In 1991, to facilitate the passage of large goods vehicles along the A3124 between De Bathe Cross and Whiddon Down, the low rail bridge was demolished and new, longer girders carrying the single line were installed at a higher level. Using thousands of tons of scalpings from Meldon Quarry, the railway was graded in both directions to allow it to surmount the new bridge. This left the track high above the old station platforms. No thought then was given to future reopening of the station, although if this were to happen, as it should, a new platform would be needed anyway.

North Tawton lies on a four-mile straight, the longest in Devon. The scout remembers sitting behind the driver of a D.M.U. and seeing the line ahead fall and rise again in the distance. This sight is not even had by drivers any more, thanks to the railway being a linear nature reserve.

Pursued by heavy lorries, the scout climbed the hill from the station and escaped along Itton Road. He soon stopped to look for signs of the feature that he had long ago seen on O.S. maps but had never bothered to question.

The railway straight is shadowed for most of its length by a Roman road, only discovered, or identified, by the O.S. in the 1950s. Exploration and excavation have since proved the existence of the first-century road from Exeter to Okehampton.

The railway is behind the line of trees at centre. Before it, and positioned by the trees just left of centre, can be made out a faint fenceline which must be on the course of the Roman road.
North Tawton can be seen in the distance at left. +

No length of the road is as obvious as this straight, but other sections have been found. LiDAR surveys have been a great help; the marching fort beside the railway at North Tawton has been revealed. The road to Okehampton must have been disturbed by the building of North Tawton Viaduct over the Taw.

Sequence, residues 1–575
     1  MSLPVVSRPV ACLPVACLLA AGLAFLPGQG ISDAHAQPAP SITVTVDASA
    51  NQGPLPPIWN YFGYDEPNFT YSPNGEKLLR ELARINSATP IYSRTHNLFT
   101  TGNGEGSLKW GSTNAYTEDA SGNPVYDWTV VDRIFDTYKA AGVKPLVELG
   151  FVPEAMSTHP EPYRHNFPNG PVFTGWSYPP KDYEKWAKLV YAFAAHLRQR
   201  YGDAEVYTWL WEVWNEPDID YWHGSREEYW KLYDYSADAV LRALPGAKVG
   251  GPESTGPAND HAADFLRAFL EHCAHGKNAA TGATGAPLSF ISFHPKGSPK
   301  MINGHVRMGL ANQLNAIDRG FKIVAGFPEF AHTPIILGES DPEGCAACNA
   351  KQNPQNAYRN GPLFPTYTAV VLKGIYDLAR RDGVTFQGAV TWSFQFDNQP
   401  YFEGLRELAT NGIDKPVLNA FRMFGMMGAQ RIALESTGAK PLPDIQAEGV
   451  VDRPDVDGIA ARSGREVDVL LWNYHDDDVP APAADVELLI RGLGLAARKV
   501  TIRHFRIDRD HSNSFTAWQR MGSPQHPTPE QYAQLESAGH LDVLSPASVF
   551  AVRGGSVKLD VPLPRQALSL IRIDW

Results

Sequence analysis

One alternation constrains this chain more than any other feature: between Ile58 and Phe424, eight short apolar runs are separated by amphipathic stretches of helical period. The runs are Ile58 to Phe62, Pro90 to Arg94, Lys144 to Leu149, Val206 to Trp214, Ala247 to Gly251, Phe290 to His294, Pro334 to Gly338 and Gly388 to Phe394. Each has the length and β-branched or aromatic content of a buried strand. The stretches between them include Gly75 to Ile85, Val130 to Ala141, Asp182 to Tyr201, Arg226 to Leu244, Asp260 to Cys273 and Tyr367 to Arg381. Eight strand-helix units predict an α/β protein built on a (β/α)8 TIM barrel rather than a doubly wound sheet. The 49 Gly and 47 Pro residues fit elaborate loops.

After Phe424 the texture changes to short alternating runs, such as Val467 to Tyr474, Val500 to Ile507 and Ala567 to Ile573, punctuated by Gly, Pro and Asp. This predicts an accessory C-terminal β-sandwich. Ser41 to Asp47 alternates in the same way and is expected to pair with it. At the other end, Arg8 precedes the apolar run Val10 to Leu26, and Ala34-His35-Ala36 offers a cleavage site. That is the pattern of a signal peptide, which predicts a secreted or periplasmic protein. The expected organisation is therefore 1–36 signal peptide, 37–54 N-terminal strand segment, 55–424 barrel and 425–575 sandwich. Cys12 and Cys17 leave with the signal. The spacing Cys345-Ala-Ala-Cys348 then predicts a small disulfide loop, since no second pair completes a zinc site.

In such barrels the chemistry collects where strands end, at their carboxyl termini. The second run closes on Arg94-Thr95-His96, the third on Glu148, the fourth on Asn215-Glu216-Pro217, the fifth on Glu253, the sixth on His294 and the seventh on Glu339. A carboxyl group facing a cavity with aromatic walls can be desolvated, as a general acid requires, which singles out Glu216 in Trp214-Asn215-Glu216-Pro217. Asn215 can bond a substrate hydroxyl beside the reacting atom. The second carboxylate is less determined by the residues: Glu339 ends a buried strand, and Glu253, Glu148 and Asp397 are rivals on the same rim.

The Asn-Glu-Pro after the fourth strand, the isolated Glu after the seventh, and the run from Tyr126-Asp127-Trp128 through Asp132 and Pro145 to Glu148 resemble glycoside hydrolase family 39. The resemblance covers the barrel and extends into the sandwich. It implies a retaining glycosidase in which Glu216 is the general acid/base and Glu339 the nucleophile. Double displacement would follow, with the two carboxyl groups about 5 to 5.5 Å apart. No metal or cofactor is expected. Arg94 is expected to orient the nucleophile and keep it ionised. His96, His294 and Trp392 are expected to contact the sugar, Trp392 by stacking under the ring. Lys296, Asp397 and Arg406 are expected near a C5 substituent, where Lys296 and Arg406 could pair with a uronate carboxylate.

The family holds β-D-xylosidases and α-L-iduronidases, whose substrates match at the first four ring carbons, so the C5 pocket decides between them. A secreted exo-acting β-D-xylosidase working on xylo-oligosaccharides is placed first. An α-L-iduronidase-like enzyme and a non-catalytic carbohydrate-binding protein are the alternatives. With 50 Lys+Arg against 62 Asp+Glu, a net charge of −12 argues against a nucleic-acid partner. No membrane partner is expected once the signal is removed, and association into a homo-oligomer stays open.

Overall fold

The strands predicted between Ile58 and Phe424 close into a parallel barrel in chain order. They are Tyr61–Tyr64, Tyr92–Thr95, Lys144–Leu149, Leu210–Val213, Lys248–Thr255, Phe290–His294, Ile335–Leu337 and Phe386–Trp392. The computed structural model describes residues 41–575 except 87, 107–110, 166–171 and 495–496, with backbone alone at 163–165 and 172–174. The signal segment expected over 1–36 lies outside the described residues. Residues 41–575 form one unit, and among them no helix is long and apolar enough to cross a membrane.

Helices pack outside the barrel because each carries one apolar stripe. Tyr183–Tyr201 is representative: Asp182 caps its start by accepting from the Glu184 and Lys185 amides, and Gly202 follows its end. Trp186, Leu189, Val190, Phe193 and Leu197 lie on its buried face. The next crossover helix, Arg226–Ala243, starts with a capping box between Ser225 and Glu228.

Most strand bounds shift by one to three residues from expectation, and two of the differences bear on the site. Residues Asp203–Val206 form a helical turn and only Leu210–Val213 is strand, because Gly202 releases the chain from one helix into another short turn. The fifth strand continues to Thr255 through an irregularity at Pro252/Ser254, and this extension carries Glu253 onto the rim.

In the other direction, the road is part of the boundary between North Tawton and South Tawton parishes. Parish boundaries seem ancient enough, but the line of the Roman road was chosen probably without people at the time knowing what it had been.

A paper by the Devon Archaeological Society provides a fascinating introduction to the subject.

Not far from where, around “MDCCC” years later, rails were laid 56.5 inches apart, the Roman road was exposed by archaeologists. “A width of about 7m of stone metalling was recorded; remarkable, was the identification of two parallel wheel-ruts 1.5m (59 in.) apart.”

The next stop was Bow, where a section of track has been laid in the garden of this now private house.

The village is nearly a mile and a half from the station. The scout was tempted to turn towards Colebrooke but continued to the crossroads and rode a loop around the village.

Along the quiet lane to Colebrooke, the scout must have been affected by the heat, for at one point it began to seem as if he were stationary and it was the road moving. Red earth on the road, seen through sunglasses, added to the sensation.

The scout rode through Colebrooke and down to Keymelford Bridge beneath the North Devon line. He stopped at the top of the next climb to look back.

Colebrooke nestles amongst the trees just left of centre. Coleford Junction, now merely a divergence, lies in the trees right of centre. From there, the main line, as it became, climbs towards Bow and the North Devon line climbs towards Copplestone. +
This lane is not far off straight for some distance. Could it be on the line of the Roman road?

The transmitter at Waddles Down had been in view for some time and the scout had thought about climbing over the hill to Exeter. But when he reached Crediton, he slumped in the shade of the station waiting room, having decided that 36 miles in the heat was enough.